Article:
It's meant long flights and jet lag at a time in his season when he's already been dragging his heels with fatigue.
But the 19-year-old from Toronto happily boarded a flight halfway around the world to Beijing this week for the event that caps the ISU Grand Prix season.
Since changing his training _ he moved to Colorado Springs, Colo., to train with coach Christy Krall last fall _he's feeling fitter and more rested than he has in a while.
``Now I take the time and take the rest my body needs instead of pushing myself and pushing through the pain and being tired, just keep pushing until you burn out,'' Chan said on a recent conference call from Colorado. ``Going to the last Grand Prix Finals, I left home feeling I didn't really want to go, I went with a really bad mentality. But this year I feel really good, I feel really comfortable, I'm actually really excited.''
The trip to Beijing has extra meaning for Chan as well, because while he's of Chinese descent, he's never been there.
``I've been to all the other countries in Asia, which is ironic because I'm Chinese so I'm really excited to go,'' he said. ``I've been waiting for this for a long time.''
The two-time world silver medallist finished fifth at the Grand Prix final in 2007 and 2008. He didn't qualify for last season's event, sidelined by a calf injury that forced him to withdraw from the Rostelecom Cup (skaters need points from two Grand Prix events to qualify for the final).
He's excited to show off his newly acquired quad jump this week.
While Chan used to get by on his superior spins and footwork, he's become a quad convert since mastering the four-revolution jump this past off-season. He landed his first in competition at Skate Canada in Kingston, Ont., where he won gold, and then reeled off a quad in his second-place finish at the Cup of Russia in Moscow.
``The quad, I have to say, is my favourite jump out of all of them,'' Chan said. ``It's so comfortable for me to do, even when I don't feel so good I can still manage to do it. I'm doing it in my programs every day, and it's a really fun jump for me to do. I'm really excited to go to China and show everyone that I have it in my arsenal.''
His triple Axel remains his nemesis, and requires some channelling of his inner Drew Barrymore.
``We kind of laugh about it and say the triple Axel is like the movie '50 First Dates,' (Barrymore suffers from amnesia and wakes up every morning having forgotten the previous day). ''Every day it's something different that we have to change, a new little thing we have to tweak,`` said Chan, who fell on his triple Axel in Russia.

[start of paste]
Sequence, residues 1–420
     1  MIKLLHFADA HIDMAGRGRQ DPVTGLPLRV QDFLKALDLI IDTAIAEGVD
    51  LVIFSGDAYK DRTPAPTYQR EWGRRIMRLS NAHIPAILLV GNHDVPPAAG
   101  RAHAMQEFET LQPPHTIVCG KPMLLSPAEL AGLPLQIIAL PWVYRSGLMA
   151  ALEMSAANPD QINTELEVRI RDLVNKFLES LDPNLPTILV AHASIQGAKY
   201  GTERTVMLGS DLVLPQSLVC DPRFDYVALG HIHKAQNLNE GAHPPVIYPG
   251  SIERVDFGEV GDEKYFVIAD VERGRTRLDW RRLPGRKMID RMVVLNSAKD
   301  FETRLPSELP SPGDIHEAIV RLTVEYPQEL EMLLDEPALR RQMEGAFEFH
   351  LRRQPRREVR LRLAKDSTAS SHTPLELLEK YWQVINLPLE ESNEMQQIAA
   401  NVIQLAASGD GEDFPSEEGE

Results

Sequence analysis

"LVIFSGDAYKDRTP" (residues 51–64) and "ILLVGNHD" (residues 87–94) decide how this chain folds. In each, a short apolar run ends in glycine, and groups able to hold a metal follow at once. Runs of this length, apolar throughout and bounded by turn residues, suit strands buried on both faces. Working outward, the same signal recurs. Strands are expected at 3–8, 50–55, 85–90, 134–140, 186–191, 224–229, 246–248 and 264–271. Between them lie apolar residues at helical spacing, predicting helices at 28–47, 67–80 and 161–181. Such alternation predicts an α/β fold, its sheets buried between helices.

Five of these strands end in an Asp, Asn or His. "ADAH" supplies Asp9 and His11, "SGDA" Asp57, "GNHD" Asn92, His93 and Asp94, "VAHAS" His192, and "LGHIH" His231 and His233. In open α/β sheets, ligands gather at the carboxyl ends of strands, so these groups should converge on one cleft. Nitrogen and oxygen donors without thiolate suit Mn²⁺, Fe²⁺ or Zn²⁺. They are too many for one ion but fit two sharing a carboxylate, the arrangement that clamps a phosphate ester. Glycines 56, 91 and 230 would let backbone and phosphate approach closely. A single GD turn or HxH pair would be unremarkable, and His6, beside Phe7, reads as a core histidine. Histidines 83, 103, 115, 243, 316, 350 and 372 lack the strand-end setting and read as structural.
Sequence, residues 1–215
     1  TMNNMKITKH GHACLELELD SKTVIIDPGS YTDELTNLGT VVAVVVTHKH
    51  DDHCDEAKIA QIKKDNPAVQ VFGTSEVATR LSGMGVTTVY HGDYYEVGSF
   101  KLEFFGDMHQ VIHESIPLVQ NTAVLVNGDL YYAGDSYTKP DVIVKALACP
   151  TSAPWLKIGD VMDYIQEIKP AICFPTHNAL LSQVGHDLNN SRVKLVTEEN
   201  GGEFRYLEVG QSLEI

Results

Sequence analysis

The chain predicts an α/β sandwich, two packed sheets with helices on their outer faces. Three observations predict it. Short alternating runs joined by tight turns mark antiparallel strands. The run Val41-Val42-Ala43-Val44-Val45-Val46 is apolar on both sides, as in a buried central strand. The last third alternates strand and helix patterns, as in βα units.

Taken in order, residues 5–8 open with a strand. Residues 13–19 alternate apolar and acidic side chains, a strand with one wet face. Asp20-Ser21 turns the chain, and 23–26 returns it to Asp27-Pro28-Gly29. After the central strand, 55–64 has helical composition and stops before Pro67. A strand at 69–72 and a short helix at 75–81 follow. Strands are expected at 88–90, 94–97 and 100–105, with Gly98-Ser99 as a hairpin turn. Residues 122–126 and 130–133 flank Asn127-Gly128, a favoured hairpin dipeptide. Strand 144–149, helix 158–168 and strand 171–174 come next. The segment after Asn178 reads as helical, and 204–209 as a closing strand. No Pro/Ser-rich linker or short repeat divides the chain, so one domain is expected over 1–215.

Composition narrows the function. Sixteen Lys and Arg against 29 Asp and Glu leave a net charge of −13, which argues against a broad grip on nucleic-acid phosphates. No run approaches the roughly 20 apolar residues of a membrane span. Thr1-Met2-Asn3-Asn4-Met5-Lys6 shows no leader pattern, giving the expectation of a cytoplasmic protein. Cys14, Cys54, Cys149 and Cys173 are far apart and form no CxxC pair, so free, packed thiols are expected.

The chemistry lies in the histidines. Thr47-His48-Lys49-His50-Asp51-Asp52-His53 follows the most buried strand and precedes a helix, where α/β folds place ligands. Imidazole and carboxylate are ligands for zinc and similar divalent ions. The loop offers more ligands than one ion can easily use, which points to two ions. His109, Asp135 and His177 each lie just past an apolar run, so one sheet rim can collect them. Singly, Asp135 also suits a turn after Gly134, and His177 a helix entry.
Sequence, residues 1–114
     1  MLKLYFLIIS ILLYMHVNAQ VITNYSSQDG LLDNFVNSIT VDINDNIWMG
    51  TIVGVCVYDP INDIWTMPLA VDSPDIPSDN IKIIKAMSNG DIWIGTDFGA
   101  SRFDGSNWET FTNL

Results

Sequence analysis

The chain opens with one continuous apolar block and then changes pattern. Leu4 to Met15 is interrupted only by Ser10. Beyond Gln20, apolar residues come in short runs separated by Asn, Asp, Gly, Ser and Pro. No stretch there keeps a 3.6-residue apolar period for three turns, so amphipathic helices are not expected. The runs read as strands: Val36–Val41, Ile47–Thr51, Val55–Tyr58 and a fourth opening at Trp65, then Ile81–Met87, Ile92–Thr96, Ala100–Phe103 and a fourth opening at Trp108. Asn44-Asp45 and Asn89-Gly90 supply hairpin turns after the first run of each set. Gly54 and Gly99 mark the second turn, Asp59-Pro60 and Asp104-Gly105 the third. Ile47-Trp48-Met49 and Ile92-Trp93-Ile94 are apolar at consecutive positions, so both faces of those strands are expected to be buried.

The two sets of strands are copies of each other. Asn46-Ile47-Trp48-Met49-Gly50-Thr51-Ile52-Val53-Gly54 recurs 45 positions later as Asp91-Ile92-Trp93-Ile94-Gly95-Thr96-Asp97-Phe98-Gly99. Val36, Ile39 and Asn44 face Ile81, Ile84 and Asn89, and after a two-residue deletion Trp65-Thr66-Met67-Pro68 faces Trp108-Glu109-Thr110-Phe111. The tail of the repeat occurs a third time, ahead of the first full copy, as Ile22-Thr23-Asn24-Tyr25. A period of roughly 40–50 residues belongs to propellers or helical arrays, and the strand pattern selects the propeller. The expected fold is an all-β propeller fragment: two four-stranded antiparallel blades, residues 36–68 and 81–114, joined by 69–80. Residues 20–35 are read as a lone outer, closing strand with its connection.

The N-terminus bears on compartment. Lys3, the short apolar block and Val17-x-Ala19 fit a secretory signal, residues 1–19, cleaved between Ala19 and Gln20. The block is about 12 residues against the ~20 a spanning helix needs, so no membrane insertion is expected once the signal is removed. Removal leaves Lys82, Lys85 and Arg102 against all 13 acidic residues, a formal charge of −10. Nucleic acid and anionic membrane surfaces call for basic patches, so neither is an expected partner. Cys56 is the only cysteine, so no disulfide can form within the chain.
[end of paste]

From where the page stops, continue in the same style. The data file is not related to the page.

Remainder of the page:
``It's a tough jump but if we keep grinding at it and as long as we don't give up I think it will become more consistent.''
The three-time Canadian champion faces a strong field in China that includes reigning world champion Daisuke Takahashi and Japanese teammate Nobunari Oda, and Thomas Verner of the Czech Republic, who beat Chan for the gold in Moscow.
``We're all very well-rounded skaters, we all have the capability of doing quads, we all have good skating skills and components, and good spins, so it's a pretty even field,'' Chan said. ``I'm excited to see what the other skaters are doing, and I'm sure they're excited to see what I'm doing.''
Chan is one of seven Canadian skaters who qualified for the final, which begins Thursday.
Vanessa Crone of Toronto and Paul Poirier of Unionville, Ont., who won gold at Skate Canada and silver at Skate America, is Canada's top ice dance duo in the absence of Olympic gold medallists Tessa Virtue and Scott Moir. Virtue and Moir skipped the Grand Prix season because Virtue is recovering from surgery to both legs.
Kaitlyn Weaver and Andrew Poje of Waterloo, Ont., who had second- and fourth-place finishes on the Grand Prix circuit this season, will also compete in ice dance.
Kirsten Moore-Towers of St. Catharines, Ont., and Dylan Moscovitch of Waterloo, Ont., will make their Grand Prix final debut, after winning silver at both Skate Canada and Skate America.
Moore-Towers and Moscovitch were last-minute replacements at Canada Canada for former world bronze medallists Jessica Dube and Bryce Davison. Dube and Davison withdrew from the event just days before the start after Davison underwent season-ending surgery on his knee.